Around the one-hour mark in an unspecified future, in the endless desert of Dune, the giant predator sandworm, attracted by vibrations, shoots out from underneath the desert and swallows the spice mining machinery, crawler, in sight. It is the first time there is any absolute sense of danger in the film. It is also the first time Paul (Timothee Chalamet) heir to the Atreides throne, under the influence of spice, has a clear vision about the future. If the reader has absolutely no idea what’s happening in the review up until this point, such a reader is forgiven. Dune (2021) is a movie so dense we spend the first thirty minutes in exposition. A patient unraveling of the situation, introduction to characters, and a cautious dive into the inevitable chaos that the movie promises, all against the backdrop of gorgeous and voluminous sets.
Based on Frank Herbert’s novels, Leto Atreides (Oscar Isaac) must lead his family in dangerous times as the Emperor sends them to the precarious world of the Fremen, nomadic desert dwellers, to oversee the production of spice. It is a scheme that is to make the family vulnerable to the attack of Baron Vladimir Harkonnen (Stellan Skarsgard), the ruler of House Harkonnen, an enemy House desperate for the much coveted spice. Spice gives the futuristic humans their abilities, powers their machines and technologies, and is the single most coveted substance in the Dune universe. Whoever controls it, controls the empire. Amidst this power tussle is Paul, a precocious young man with a great responsibility thrust upon him by destiny. Although born into affluence, he is to liberate the subjugated desert dwellers of Fremen. House Atreides collapses, Paul and his mother, Lady Jessica (Rebecca Ferguson), are thrown into the unkind desert to the mercy of both the sandstorms and the sandworms. They find the Fremen, and in the final scene, Paul pledges allegiance to them, his destiny finally about to begin. Of course there is a sequel.
In 2017, Denis Villeneuve made a film with a scope as expansive as Dune’s when he made Blade Runner 2049. In 2016, he adapted Ted Chiang’s excellent sci-fi short story, “Arrival”. He has a remarkable track record with futuristic materials, and whatever brilliance we find in Dune has long been afoot. Yet, there is praise to be delivered anew. Dune is an excellent work. The slow, cautious pacing it opens with is absolutely necessary or the overwhelming details of the new world would be lost to the viewer. It is the same thing he did with Blade Runner 2049. Movies of expansive scope, like Dune, like the Wachowski Sisters’ Cloud Atlas, demand absolute patience, and only a master can tell such stories adequately. Denis Villeneuve has proven himself a master repeatedly.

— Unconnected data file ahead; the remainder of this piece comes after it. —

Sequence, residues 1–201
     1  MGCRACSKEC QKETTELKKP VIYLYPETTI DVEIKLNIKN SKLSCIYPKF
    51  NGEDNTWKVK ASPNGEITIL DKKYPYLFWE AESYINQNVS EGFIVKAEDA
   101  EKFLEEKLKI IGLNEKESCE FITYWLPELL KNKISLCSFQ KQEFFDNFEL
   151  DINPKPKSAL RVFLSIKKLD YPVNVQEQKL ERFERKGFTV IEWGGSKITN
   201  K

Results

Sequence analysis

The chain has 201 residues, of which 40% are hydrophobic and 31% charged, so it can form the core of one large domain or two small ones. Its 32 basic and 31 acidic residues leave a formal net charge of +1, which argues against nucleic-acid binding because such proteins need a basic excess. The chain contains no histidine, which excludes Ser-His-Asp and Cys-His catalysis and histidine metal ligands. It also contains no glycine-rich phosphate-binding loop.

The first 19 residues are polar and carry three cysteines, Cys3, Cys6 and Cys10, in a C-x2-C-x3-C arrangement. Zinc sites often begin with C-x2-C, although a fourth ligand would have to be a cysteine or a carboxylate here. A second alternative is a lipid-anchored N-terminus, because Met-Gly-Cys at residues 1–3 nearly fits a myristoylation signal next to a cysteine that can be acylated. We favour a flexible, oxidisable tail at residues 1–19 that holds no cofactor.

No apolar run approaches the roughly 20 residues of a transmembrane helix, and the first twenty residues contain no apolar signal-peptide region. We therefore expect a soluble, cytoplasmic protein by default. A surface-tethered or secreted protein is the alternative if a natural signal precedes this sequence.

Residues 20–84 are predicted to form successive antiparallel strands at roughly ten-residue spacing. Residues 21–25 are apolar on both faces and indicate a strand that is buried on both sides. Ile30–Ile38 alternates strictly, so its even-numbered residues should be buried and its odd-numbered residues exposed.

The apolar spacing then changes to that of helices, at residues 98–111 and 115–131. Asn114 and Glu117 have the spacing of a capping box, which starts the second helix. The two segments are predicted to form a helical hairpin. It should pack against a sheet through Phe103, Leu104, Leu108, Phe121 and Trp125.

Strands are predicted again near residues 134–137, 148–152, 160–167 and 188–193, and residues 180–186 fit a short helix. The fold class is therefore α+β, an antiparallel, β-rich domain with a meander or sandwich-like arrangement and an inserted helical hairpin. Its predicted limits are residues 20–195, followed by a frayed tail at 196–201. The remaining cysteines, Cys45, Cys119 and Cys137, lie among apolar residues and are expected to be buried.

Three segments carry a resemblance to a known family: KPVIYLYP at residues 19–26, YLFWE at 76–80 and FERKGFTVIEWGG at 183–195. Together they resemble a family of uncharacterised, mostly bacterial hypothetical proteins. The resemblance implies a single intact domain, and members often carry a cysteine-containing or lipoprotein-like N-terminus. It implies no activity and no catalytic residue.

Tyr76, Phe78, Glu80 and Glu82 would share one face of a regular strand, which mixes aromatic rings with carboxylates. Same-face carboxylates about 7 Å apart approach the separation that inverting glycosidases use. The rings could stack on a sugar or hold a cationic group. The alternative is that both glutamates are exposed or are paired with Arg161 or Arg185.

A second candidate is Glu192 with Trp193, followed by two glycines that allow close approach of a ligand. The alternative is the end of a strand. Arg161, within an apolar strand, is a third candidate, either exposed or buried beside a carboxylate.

He is aided by some of the best hands in Hollywood. In 2017, he had the brilliant Roger Deakins as cinematographer to create a world that felt visually hollow yet alive with colours, a difficult contradiction to capture. And now he had Greig Fraser (who’s helming Matt Reeves’ 2022 Batman film) for Dune. The film looks like an echo with its large set pieces that feel like if one stood therein and spoke, his voice would echo endlessly. To create this visual sense, the humans are placed as tiny specks against humongous backdrops suggesting an expanse of unreachable space. A feeling of endlessness in a world with a flying Baron as villain and sandworms that swallow machineries. Underneath the visual echo is Hans Zimmer (Interstellar, Inception) with his haunting score for the film. With an array of talents, championed by Timothee Chalamet and Jessica Ferguson, it isn’t hard to see why Dune succeeds.
And way past two hours into the film, Paul and Chani (Zendaya), his destined love interest from his visions, finally meet. But the stakes are far higher than the first time we feel a great danger about to befall Paul. He is to fight to the death for his life and his mother’s. It will be the first time he will murder a man. There is no questioning whether he will win or not. He has a destiny to fulfil, he has only just met his love interest, and the film is about to end, a sequel, at this point, is inevitable. We know Paul isn’t in danger. Perhaps this is the only flaw to be found here. There is an unchecked sense of invincibility around Paul, even Chalamet’s suave and charisma show that; a cockiness in the face of destiny, as he uses The Voice, fights like the wind, and takes charge of the situation with the coldness of a surgeon. If we will find anything close to a flaw in the film, that is it. But it is to great delight, or to Denis Villeneuve’s great filmmaking ability, that we do not notice it until the last scene, or long after, or never.
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- Great sets. The cinematography is absolutely gorgeous. It is the way the scenes open carefully, from small to large then to unbelievable.
- Jason Momoa does excellently as a veteran warrior. A throwback to his Dothraki days as Khal Drogo.
- A second part, set to premiere in 2023, has been announced.
Dune is currently in cinemas and available on HBO Max for 30 days.